No, you should not use topical and oral minoxidil at the same time. Both formulations of this hair loss medication have various side effects. Applying or consuming more than the recommended amount can increase the severity of or result in unwanted side effects. The same is true for the simultaneous usage of both topical and oral minoxidil.
However, non-simultaneous usage is possible. If your body does not respond well to topical minoxidil solution or foam (either through adverse side effects or minimal effectiveness), your doctor may write you a prescription for oral minoxidil instead. Switching from topical to oral minoxidil under the guidance of a medical professional is completely safe and can help improve the long-term success of your hair loss treatment process.
Can minoxidil treat all parts of the scalp?
Since minoxidil’s overarching effects relate to the stimulation of hair follicles and the promotion of hair growth, it makes sense that this medication would be able to treat different parts of the scalp.
Most studies have been focused on the effectiveness of minoxidil on the crown, but recent studies have shown positive results that minoxidil may be just as effective in treating hair loss along the hairline. So, while it is most commonly prescribed for hair loss on the crown of the head, minoxidil can also be used to treat a receding hairline.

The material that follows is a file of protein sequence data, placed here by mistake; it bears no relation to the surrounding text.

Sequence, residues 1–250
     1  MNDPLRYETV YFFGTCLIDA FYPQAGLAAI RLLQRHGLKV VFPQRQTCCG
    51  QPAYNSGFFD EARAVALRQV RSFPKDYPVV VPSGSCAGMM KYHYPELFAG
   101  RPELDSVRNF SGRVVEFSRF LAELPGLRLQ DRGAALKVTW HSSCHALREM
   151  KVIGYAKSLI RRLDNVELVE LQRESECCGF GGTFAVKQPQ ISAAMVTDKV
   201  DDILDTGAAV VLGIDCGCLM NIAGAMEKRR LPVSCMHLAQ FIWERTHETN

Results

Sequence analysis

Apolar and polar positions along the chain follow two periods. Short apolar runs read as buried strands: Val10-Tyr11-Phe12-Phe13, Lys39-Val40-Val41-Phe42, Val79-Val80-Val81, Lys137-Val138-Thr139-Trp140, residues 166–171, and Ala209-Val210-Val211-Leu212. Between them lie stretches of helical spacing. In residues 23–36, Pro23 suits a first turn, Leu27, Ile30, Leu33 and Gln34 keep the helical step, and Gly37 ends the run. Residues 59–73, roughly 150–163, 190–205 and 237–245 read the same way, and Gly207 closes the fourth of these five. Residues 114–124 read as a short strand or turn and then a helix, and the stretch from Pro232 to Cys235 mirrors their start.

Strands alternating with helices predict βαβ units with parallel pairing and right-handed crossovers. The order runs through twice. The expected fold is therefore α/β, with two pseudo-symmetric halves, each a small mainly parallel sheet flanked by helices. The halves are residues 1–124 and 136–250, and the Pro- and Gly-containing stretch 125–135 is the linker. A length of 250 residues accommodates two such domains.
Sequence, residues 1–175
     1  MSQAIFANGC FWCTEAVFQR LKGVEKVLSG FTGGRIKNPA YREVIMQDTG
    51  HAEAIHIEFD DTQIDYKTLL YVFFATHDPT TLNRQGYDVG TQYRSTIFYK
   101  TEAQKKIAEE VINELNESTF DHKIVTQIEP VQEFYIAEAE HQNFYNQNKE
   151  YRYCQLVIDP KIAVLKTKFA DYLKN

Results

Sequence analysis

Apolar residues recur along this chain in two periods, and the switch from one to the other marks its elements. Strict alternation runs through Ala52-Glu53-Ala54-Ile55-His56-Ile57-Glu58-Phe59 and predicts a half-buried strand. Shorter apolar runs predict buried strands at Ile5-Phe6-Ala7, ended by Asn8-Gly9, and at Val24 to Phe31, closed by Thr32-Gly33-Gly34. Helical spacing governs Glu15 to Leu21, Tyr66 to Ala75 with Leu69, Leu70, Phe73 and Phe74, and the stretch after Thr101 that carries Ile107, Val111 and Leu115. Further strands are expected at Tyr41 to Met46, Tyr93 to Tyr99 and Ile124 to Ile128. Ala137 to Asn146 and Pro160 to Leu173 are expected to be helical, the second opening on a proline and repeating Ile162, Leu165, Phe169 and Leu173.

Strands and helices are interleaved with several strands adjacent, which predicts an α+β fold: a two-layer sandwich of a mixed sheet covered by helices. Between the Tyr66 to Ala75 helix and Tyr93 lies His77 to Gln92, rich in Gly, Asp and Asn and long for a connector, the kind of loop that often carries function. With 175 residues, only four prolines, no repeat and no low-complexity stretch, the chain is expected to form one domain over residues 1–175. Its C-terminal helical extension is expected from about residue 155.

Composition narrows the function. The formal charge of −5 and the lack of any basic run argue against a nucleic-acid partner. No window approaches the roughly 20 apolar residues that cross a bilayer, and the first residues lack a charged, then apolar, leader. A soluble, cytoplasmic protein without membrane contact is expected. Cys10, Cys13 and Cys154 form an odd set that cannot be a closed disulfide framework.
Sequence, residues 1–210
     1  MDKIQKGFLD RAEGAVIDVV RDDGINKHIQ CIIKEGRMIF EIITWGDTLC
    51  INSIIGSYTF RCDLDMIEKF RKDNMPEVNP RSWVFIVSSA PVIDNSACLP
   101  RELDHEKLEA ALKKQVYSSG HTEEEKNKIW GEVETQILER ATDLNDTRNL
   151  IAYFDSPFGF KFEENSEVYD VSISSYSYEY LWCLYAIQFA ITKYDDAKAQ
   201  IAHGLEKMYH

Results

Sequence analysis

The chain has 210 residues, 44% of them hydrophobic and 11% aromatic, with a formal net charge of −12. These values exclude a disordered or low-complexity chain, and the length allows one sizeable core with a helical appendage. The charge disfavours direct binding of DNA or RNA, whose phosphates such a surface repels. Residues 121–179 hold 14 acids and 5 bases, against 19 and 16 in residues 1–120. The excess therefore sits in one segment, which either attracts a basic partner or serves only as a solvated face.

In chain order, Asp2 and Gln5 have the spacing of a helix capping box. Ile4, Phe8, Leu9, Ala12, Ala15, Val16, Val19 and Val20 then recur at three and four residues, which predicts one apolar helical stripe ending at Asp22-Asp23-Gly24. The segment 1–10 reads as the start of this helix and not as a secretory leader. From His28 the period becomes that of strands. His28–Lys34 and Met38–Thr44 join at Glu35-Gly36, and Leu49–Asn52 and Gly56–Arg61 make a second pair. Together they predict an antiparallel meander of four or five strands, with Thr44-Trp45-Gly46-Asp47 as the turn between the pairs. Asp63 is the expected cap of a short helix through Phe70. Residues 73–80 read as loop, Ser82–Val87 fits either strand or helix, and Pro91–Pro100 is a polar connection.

Where can I get minoxidil?
Minoxidil is the generic name given to the active ingredient found in products that stimulate hair growth, such as Rogaine. Topical hair loss products containing minoxidil, such as an alopecia topical solution, can be bought as over-the-counter medication without a prescription. However, oral minoxidil can only be purchased with a medical consultation and prescription.
For your own safety, it is always best to check with a health professional before taking a new medication. Both topical and oral minoxidil should only be used under the guidance and instructions of a trained doctor.
What to avoid when using minoxidil to treat hair loss?
To ensure your hair loss treatment is as effective as possible, there are certain precautions you should take when using minoxidil.
Using other skin products on the same skin area that is undergoing minoxidil treatment should be avoided. Perming, relaxing, and colouring the hair is safe during a minoxidil hair treatment, as long as you ensure your scalp is washed just before you apply the products. However, you should not use minoxidil 24 hours before or after your hair treatment procedure.
Who cannot use minoxidil?
While oral minoxidil requires a prescription, topical minoxidil is available over the counter. However, this does not mean you should begin using it before checking with a doctor. Both forms of minoxidil have various potential side effects and, depending on the patient, can be unsuitable for usage.
Minoxidil can be especially unsafe for patients with:
- A history of heart problems such as heart disease or failure
- Existing hepatic (related to the kidneys) or renal (relating to the liver) conditions
- Very low blood pressure
- Pheochromocytoma (an adrenal gland tumour)
Usage of minoxidil in patients over the age of 60 should be carefully regulated and monitored by a medical professional, as these individuals are generally more at risk of experiencing side effects.